Labour to cut adspend in favour of direct sell

Labour is to cut its spending on advertising at the next general election as part of a switch to "personalised" campaigning through direct mail, e-mail and telephone contact.

The move emerged at this week's party conference, at which Tony Blair attempted to unite Labour ahead of the next election.

Matt Carter, the Labour general secretary, told the party conference in Brighton: "The era of the one-size-fits-all campaign is over. Our strategy is now focused on the individualised, personalised, targeted campaign."

Although no final decision has been taken on the ad budget Labour's agency, TBWA\London, will employ, it is likely to be less than the £5 million the party spent on ads at the 2001 election.

Instead, Labour will spend much more heavily on direct mail, starting with a blitz of one million voters in marginal seats across the country this week. The letters were produced in-house and Labour has made no decision on whether to recruit a direct marketing agency before the election expected next May.

Labour has opened a national communications centre in Newcastle, which will identify issues of concern to local communities and then communicate with key groups of voters.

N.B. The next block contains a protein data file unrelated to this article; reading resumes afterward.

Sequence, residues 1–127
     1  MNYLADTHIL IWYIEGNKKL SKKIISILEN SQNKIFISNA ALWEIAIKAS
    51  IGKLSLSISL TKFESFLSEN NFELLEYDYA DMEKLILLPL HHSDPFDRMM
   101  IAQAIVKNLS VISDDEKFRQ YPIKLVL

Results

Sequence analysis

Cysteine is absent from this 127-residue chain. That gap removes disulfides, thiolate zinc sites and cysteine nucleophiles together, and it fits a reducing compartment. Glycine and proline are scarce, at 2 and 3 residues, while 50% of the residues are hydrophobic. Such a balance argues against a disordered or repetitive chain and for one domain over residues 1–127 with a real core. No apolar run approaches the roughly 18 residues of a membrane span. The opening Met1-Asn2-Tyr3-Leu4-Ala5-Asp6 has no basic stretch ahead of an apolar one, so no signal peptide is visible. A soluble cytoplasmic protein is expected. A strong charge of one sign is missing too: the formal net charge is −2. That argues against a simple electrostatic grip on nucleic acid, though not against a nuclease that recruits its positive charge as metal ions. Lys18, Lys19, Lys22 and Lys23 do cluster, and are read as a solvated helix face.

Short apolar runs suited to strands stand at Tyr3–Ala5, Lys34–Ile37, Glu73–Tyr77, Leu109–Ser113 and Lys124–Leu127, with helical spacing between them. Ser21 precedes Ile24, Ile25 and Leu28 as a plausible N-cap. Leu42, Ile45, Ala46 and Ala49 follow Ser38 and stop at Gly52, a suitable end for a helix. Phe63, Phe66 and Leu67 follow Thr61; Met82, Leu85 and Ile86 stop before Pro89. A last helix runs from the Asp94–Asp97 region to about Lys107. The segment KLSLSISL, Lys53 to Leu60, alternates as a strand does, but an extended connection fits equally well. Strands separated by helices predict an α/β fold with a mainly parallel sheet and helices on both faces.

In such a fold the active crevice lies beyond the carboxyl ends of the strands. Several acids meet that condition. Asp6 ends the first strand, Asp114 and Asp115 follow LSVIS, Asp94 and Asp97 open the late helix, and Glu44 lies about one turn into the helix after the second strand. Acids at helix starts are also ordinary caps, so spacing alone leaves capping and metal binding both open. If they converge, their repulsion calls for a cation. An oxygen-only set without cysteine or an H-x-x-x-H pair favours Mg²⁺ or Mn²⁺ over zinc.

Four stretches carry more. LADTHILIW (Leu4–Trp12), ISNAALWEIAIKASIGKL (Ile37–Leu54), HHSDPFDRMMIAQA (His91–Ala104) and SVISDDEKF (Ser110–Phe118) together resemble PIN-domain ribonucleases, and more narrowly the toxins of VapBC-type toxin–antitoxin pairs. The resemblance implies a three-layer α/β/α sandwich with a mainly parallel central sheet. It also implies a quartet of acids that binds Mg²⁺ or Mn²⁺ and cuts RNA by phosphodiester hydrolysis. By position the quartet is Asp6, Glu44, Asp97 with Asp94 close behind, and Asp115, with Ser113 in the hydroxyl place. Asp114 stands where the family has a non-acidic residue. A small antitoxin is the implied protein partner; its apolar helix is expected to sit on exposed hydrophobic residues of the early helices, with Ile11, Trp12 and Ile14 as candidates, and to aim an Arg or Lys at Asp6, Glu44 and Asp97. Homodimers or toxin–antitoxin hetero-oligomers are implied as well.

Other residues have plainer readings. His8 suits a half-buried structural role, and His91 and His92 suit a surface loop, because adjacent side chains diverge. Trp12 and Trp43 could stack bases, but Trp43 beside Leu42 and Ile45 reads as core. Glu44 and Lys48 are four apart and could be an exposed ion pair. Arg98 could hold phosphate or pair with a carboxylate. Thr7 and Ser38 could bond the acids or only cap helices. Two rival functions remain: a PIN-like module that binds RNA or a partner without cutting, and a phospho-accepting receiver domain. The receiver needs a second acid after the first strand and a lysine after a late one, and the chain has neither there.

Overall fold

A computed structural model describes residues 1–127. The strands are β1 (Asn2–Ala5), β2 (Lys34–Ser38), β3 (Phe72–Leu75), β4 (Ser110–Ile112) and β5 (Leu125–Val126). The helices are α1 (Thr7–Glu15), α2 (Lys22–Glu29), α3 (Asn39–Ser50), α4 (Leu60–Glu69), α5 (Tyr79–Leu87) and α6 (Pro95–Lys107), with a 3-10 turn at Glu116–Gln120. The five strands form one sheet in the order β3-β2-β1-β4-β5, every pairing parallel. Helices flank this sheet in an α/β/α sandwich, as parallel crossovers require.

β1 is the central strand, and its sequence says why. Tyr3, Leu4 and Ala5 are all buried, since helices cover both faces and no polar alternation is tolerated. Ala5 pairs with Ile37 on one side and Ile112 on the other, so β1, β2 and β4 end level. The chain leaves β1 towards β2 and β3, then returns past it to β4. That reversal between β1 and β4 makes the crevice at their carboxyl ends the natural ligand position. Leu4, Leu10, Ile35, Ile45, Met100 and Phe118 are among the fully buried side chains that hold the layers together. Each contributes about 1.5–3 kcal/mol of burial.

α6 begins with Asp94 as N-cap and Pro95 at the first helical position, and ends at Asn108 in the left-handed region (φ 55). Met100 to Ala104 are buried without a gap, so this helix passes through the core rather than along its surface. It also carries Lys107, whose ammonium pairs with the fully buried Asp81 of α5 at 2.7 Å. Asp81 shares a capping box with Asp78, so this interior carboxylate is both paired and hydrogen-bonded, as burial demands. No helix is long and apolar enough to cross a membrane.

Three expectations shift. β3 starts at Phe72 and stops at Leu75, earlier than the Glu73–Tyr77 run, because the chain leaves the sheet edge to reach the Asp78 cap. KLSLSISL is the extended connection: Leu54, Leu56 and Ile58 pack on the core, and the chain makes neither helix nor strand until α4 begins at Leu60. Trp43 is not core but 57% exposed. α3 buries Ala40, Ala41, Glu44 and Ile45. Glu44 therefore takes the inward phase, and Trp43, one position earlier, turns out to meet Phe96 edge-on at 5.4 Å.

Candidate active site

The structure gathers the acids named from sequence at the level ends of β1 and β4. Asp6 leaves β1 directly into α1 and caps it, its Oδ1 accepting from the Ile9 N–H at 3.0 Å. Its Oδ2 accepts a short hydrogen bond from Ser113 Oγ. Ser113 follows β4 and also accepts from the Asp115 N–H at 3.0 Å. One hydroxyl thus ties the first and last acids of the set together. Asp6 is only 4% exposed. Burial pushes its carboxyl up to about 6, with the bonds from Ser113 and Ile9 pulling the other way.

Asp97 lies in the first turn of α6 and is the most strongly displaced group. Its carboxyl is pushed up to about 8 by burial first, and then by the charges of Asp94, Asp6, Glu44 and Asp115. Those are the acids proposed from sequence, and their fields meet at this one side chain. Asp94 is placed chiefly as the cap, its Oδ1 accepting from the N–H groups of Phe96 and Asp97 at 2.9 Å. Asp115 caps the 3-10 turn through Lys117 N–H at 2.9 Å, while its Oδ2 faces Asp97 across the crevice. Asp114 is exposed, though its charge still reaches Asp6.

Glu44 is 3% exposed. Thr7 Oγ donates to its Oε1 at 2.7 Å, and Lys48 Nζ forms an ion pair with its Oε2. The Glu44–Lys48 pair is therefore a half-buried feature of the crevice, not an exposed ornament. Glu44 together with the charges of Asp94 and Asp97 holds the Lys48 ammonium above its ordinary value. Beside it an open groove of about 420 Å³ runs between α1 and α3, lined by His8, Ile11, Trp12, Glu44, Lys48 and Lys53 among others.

Carter said traditional methods such as advertising and party political broadcasts will still have a role to play and Labour would build on its successful 1997 and 2001 campaigns. But he added: "We need to be aware that the world has changed since. At a time of lower turnouts, we need to do more to communicate with people on a one-to-one basis."

The 1997 election is likely to prove the high water mark for ad spending.

Labour's budget was £7.3 million and the Tories' £13.1 million. Officials in both main parties believe the traditional heavyweight campaigns at elections are less effective at a time when voters are sceptical about politicians' claims.

They think tactical ads are more effective in the current political climate.

Another reason for a squeeze on ad budgets is a legal spending limit of £15 million for each party at general elections, which took effect in 1997.

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